The collection comprises of correspondence by Churchill to Lady Kathleen Scott widow of the Antarctic explorer Robert Falcon Scott.
Winston Churchill, Antarctic correspondence collection
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- ReferenceGB 15 Winston Churchill
- Dates of Creation1913
- Name of Creator
- Language of MaterialEnglish.
- Physical DescriptionCorrespondence (Circa 2 leaves)
Scope and Content
Administrative / Biographical History
Winston Leonard Spencer Churchill was born at Blenheim Palace, Woodstock, on 30 November 1874. He was educated at Harrow and the Royal Military College at Sandhurst before joining the Army in 1895 and serving in India and Sudan. After leaving the Army in 1899, he worked as a war correspondent for the Morning Post and the following year was elected Conservative Member of Parliament for Oldham. In 1904, Churchill decided to join the Liberal Party, and in 1906, was elected Liberal MP for North-West Manchester and was immediately appointed under-secretary of State for the Colonies. In 1908, he was promoted president of the Board of Trade and introduced important social legislation, including the establishment of employment exchanges.
In 1910, Churchill was appointed home secretary, introducing several reforms to the prison system, and the following year, became First Lord of the Admiralty. In 1912, he set up the Royal Naval Air Service and also established an Air Department at the Admiralty. On the outbreak of the First World War, Churchill joined the War Council, but after the failure of the Dardanelles Campaign in 1915, he was moved to the post of chancellor of the Duchy of Lancaster. He rejoined the Army, commanding a battalion on the Western Front and in 1917, resumed office as Minister of Munitions. Between 1919 and 1920, Churchill served as Minister of War and Air and from 1921 to 1922 as Colonial Secretary. In the general election of 1922, Churchill was defeated at Dundee, and after rejoining the Conservative Party, was successfully elected as MP for Epping in 1924. He was appointed Chancellor of the Exchequer but lost office in 1929 with the defeat of the Conservative government.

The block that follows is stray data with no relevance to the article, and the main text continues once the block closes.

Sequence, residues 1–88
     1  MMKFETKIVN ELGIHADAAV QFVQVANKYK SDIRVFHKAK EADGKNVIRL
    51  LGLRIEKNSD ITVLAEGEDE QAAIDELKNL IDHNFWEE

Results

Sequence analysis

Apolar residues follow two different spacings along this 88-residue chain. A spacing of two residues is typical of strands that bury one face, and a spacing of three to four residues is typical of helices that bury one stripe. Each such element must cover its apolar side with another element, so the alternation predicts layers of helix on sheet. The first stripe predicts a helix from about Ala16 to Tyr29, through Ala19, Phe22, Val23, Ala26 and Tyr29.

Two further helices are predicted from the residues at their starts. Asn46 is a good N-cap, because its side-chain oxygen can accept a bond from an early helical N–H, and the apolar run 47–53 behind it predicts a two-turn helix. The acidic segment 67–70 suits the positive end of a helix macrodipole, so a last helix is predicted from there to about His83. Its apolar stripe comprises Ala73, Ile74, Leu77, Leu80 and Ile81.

On the outbreak of the Second World War, Churchill was appointed First Lord of the Admiralty and in April 1940, became chairman of the Military Co-ordinating Committee. After the resignation of Neville Chamberlain, Churchill was appointed Prime Minister in May 1940 and he formed a coalition government. Throughout the war he provided strong leadership and was a brilliant orator, and on 8 May 1945, Churchill declared the war in Europe finally at an end.
After a landslide victory by the Labour Party in the general election of 1945, Churchill became leader of the opposition, returning to office in the general election of 1951. In 1953, Churchill was awarded the Nobel Prize for Literature and was knighted. His health continued to deteriorate and in 1955, he retired from politics. In 1960, Churchill College in Cambridge was founded as a memorial and in 1964; he became its first honorary fellow. He died on 24 January 1965.
The correspondence is arranged chronologically.
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Anyone wishing to consult material should ensure they note the entire MS reference and the name of the originator.
The term holograph is used when the item is wholly in the handwriting of the author. The term autograph is used when the author has signed the item.
Descriptions compiled by N. Boneham, Assistant Archivist with assistance from R. Stancombe and reference to Robert Keith Headland Antarctic Chronology, unpublished corrected revision of Chronological list of Antarctic expeditions and related historical events, (1 December 2001) Cambridge University Press (1989) ISBN 0521309034 and Dictionary of National Biography, 1961-1970, Oxford University Press, Oxford (1981) and Churchill College, Cambridge and Spartacus
Other Finding Aids
Clive Holland Manuscripts in the Scott Polar Research Institute, Cambridge, England - a catalogue, Garland Publishing New York and London (1982) ISBN 0824093941.
Additional finding aids are available at the Institute.
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